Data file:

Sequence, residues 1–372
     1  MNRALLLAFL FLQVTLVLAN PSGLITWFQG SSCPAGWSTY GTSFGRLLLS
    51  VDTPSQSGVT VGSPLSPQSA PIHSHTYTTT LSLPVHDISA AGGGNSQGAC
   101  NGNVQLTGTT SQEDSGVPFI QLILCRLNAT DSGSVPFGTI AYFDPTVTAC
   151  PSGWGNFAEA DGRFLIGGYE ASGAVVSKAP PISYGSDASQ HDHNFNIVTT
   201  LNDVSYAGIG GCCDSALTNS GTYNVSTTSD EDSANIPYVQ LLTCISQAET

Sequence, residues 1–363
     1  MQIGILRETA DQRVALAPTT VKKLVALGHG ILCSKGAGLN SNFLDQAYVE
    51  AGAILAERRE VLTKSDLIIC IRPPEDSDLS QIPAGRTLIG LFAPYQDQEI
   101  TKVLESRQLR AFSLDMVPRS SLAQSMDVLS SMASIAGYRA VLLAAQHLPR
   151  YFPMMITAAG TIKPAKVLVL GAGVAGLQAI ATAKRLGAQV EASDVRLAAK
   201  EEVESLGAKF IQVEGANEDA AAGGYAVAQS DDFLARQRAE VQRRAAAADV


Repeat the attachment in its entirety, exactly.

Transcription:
Sequence, residues 1–372
     1  MNRALLLAFL FLQVTLVLAN PSGLITWFQG SSCPAGWSTY GTSFGRLLLS
    51  VDTPSQSGVT VGSPLSPQSA PIHSHTYTTT LSLPVHDISA AGGGNSQGAC
   101  NGNVQLTGTT SQEDSGVPFI QLILCRLNAT DSGSVPFGTI AYFDPTVTAC
   151  PSGWGNFAEA DGRFLIGGYE ASGAVVSKAP PISYGSDASQ HDHNFNIVTT
   201  LNDVSYAGIG GCCDSALTNS GTYNVSTTSD EDSANIPYVQ LLTCISQAET

Sequence, residues 1–363
     1  MQIGILRETA DQRVALAPTT VKKLVALGHG ILCSKGAGLN SNFLDQAYVE
    51  AGAILAERRE VLTKSDLIIC IRPPEDSDLS QIPAGRTLIG LFAPYQDQEI
   101  TKVLESRQLR AFSLDMVPRS SLAQSMDVLS SMASIAGYRA VLLAAQHLPR
   151  YFPMMITAAG TIKPAKVLVL GAGVAGLQAI ATAKRLGAQV EASDVRLAAK
   201  EEVESLGAKF IQVEGANEDA AAGGYAVAQS DDFLARQRAE VQRRAAAADV